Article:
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Sunday, 20 April 2014

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Ill woman told to quit heroin for sake of her children

A heroin addict has been told by a judge she needs to give up drugs for the sake of her children and her doctors after needing oxygen to help her breathe during her appearance at Carlisle Crown Court.

Marie Annette Martin, 42, has been so ill from several serious illnesses – including osteoporosis and emphysema – that her doctors have considered giving her a lung transplant.

At one time she was warned she had only 18 months to live.

But, the court heard, she has continued taking heroin, which only makes her condition worse.

Martin, a mother-of-four, was in court yesterday because police caught her with £3,000-worth of the class A drug at her home in Anchor Close, Penrith, just before Christmas in 2011.

She claimed that she did not even know the drug was there until she and her son found it while “ratching around” among the Christmas decorations they brought down from the loft.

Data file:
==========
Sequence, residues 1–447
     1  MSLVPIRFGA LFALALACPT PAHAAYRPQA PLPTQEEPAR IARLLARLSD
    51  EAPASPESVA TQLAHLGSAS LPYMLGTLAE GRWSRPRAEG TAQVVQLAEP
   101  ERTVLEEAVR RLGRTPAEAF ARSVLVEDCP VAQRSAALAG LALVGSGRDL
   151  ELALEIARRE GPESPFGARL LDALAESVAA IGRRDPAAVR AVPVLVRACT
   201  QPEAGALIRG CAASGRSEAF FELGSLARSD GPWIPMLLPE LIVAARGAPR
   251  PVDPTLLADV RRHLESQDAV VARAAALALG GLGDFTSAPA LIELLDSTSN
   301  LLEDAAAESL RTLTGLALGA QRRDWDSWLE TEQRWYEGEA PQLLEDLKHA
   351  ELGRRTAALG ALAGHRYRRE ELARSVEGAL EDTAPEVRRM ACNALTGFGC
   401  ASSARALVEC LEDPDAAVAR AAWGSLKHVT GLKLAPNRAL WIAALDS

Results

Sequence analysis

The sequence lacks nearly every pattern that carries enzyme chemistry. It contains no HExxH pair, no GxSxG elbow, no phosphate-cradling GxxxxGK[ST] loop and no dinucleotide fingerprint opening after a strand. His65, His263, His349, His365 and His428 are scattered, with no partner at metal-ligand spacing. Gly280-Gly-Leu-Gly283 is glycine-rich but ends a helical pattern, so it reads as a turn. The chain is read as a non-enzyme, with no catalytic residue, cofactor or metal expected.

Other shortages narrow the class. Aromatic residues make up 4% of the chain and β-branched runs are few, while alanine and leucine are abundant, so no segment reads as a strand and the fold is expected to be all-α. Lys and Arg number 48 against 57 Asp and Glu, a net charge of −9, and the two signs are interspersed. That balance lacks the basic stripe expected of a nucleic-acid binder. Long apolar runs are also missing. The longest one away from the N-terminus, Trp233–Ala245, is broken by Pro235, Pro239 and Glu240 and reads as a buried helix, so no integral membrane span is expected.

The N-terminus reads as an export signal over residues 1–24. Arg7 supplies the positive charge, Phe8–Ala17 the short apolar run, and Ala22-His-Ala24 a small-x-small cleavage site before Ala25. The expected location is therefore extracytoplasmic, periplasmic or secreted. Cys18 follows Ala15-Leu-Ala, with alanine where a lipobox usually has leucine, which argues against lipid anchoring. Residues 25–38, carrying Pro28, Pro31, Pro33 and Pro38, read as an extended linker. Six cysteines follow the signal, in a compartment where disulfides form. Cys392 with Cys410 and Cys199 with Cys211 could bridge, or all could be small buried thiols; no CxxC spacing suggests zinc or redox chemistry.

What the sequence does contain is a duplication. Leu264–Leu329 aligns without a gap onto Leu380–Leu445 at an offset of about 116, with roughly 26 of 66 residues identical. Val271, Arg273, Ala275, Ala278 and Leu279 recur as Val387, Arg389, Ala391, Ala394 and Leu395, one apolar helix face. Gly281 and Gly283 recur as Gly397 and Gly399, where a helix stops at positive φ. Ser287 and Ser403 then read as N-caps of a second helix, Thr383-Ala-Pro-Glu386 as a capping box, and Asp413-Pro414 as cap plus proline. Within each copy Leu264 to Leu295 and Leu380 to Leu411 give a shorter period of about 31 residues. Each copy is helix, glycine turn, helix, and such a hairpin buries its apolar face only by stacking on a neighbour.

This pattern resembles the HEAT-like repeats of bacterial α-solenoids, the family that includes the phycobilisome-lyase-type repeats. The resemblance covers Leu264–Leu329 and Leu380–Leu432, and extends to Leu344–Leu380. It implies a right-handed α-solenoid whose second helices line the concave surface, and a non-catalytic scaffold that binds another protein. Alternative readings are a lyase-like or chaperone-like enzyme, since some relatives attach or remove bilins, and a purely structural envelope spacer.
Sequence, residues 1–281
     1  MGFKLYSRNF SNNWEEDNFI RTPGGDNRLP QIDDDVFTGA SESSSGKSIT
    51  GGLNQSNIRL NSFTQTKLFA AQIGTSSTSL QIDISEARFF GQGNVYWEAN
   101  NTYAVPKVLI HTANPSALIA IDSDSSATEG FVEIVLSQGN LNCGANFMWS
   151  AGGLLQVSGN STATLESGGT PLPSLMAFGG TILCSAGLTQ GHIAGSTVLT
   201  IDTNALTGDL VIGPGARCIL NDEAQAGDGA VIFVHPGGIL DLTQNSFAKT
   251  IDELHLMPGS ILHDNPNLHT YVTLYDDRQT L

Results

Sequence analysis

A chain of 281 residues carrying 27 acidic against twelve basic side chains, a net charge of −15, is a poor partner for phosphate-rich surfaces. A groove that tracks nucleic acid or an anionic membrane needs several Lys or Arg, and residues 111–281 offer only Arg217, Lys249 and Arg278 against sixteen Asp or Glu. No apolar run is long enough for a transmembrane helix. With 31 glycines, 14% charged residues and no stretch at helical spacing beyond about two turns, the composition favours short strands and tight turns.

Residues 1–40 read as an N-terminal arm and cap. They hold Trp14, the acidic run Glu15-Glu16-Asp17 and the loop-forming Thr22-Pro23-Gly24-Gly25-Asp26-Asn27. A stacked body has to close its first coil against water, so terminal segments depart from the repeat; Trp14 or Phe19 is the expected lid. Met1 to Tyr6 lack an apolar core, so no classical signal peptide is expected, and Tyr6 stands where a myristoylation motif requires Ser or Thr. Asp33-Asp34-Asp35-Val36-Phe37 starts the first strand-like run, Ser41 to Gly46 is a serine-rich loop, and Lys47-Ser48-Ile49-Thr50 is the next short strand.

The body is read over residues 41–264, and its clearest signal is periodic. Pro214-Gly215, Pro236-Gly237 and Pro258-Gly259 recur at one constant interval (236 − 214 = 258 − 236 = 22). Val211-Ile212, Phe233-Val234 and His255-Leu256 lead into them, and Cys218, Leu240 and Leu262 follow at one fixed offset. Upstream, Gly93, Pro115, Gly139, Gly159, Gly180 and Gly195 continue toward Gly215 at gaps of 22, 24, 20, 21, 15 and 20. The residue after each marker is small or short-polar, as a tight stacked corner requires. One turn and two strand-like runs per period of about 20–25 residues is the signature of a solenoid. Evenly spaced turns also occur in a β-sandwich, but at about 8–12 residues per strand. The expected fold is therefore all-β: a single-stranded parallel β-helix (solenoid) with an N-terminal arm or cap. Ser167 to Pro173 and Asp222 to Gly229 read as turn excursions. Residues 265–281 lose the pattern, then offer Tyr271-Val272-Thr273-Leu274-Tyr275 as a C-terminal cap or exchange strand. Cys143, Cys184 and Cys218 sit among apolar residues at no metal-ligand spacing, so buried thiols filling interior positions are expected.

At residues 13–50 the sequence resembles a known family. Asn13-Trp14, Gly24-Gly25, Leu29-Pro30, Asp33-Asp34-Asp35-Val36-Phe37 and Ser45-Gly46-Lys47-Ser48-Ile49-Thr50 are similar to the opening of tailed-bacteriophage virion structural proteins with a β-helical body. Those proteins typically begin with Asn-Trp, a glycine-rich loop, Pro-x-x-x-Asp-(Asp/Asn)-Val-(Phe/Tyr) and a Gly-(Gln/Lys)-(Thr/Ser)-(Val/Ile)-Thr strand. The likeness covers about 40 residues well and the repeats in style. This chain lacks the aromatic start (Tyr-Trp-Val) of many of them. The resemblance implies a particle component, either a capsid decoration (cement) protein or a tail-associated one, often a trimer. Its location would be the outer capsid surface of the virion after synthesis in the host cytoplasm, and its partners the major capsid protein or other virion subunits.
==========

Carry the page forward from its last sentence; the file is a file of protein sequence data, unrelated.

She said it must have been put there by her partner, whom she knew was a drug user and who is now in prison.

And, though she admitted breaking off a bit that she smoked herself over the next few days, she said she had no intention of supplying the rest of it to anyone else.

During her trial last month did not dispute that she had the heroin in her possession – only that, as the prosecution claimed, she intended to pass it on to someone else.

She told the jury that she had been a heroin user for most of the past 20 years, and that though she sometimes managed to give it up for a short time she always went back to it. She was found not guilty of possessing heroin with intent to supply.

But yesterday she was back in court to be sentenced for possessing the drug for her own use, an offence she had always admitted.

Martin – who sat through the hearing holding a portable oxygen cylinder attached to a tube leading to her nose – was given a six-month prison sentence, suspended for two years, and ordered to undergo drugs rehabilitation.

Judge Peter Hughes QC told her it was “utter foolishness” to continue using heroin in her condition.

“You have been receiving devoted treatment from people concerned about your health, and you recognise that you owe it to your children to act responsibly and keep away from drugs,” he told her.

“Given the treatment you are receiving, it is not fair to them if you don’t keep your side of the bargain by failing to keep yourself healthy enough for the treatment to succeed.”

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